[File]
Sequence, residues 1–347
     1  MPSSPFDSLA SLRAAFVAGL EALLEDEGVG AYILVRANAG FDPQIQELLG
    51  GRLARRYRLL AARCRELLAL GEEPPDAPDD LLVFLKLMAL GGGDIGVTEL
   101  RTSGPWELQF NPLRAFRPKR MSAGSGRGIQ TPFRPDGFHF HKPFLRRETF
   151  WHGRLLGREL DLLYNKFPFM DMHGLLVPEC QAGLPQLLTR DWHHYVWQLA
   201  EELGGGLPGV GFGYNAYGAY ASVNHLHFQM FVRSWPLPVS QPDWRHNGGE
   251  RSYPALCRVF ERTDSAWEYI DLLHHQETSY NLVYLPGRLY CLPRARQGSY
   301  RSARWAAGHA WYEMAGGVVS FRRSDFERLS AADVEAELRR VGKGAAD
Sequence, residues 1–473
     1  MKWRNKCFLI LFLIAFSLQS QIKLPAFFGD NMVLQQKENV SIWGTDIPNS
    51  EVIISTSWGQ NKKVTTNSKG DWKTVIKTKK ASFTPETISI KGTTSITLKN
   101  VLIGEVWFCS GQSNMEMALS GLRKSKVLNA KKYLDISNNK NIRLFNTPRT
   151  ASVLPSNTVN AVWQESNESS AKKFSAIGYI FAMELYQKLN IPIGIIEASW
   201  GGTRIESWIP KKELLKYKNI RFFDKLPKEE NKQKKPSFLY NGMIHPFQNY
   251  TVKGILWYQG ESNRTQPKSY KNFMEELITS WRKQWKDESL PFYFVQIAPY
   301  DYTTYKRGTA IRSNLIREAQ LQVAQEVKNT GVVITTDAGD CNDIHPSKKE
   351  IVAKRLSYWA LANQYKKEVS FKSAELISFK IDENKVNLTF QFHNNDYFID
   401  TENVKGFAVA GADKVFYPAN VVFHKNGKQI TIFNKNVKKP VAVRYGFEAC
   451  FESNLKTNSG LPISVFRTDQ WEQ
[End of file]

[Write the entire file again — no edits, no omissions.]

Sequence, residues 1–347
     1  MPSSPFDSLA SLRAAFVAGL EALLEDEGVG AYILVRANAG FDPQIQELLG
    51  GRLARRYRLL AARCRELLAL GEEPPDAPDD LLVFLKLMAL GGGDIGVTEL
   101  RTSGPWELQF NPLRAFRPKR MSAGSGRGIQ TPFRPDGFHF HKPFLRRETF
   151  WHGRLLGREL DLLYNKFPFM DMHGLLVPEC QAGLPQLLTR DWHHYVWQLA
   201  EELGGGLPGV GFGYNAYGAY ASVNHLHFQM FVRSWPLPVS QPDWRHNGGE
   251  RSYPALCRVF ERTDSAWEYI DLLHHQETSY NLVYLPGRLY CLPRARQGSY
   301  RSARWAAGHA WYEMAGGVVS FRRSDFERLS AADVEAELRR VGKGAAD
Sequence, residues 1–473
     1  MKWRNKCFLI LFLIAFSLQS QIKLPAFFGD NMVLQQKENV SIWGTDIPNS
    51  EVIISTSWGQ NKKVTTNSKG DWKTVIKTKK ASFTPETISI KGTTSITLKN
   101  VLIGEVWFCS GQSNMEMALS GLRKSKVLNA KKYLDISNNK NIRLFNTPRT
   151  ASVLPSNTVN AVWQESNESS AKKFSAIGYI FAMELYQKLN IPIGIIEASW
   201  GGTRIESWIP KKELLKYKNI RFFDKLPKEE NKQKKPSFLY NGMIHPFQNY
   251  TVKGILWYQG ESNRTQPKSY KNFMEELITS WRKQWKDESL PFYFVQIAPY
   301  DYTTYKRGTA IRSNLIREAQ LQVAQEVKNT GVVITTDAGD CNDIHPSKKE
   351  IVAKRLSYWA LANQYKKEVS FKSAELISFK IDENKVNLTF QFHNNDYFID
   401  TENVKGFAVA GADKVFYPAN VVFHKNGKQI TIFNKNVKKP VAVRYGFEAC
   451  FESNLKTNSG LPISVFRTDQ WEQ